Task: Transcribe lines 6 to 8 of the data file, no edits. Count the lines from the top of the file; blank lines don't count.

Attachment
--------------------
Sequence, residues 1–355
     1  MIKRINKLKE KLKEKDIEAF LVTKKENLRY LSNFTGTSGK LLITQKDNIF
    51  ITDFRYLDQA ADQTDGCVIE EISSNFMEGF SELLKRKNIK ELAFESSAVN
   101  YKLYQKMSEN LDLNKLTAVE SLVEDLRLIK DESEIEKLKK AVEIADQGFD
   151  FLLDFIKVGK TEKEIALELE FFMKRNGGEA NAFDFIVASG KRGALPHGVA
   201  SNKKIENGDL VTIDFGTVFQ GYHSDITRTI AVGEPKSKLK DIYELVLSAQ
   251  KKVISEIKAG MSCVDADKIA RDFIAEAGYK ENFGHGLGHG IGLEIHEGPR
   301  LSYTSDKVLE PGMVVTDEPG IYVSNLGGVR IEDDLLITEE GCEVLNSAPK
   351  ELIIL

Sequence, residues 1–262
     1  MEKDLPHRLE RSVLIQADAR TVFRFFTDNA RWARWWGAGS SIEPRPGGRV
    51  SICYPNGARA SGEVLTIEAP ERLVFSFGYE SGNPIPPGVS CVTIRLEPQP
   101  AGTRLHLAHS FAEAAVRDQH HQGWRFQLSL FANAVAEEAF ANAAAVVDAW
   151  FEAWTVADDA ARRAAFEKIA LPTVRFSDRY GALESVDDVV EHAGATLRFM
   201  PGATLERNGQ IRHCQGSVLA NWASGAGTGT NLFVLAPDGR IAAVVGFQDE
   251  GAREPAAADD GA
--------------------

   201  SNKKIENGDL VTIDFGTVFQ GYHSDITRTI AVGEPKSKLK DIYELVLSAQ
   251  KKVISEIKAG MSCVDADKIA RDFIAEAGYK ENFGHGLGHG IGLEIHEGPR
   301  LSYTSDKVLE PGMVVTDEPG IYVSNLGGVR IEDDLLITEE GCEVLNSAPK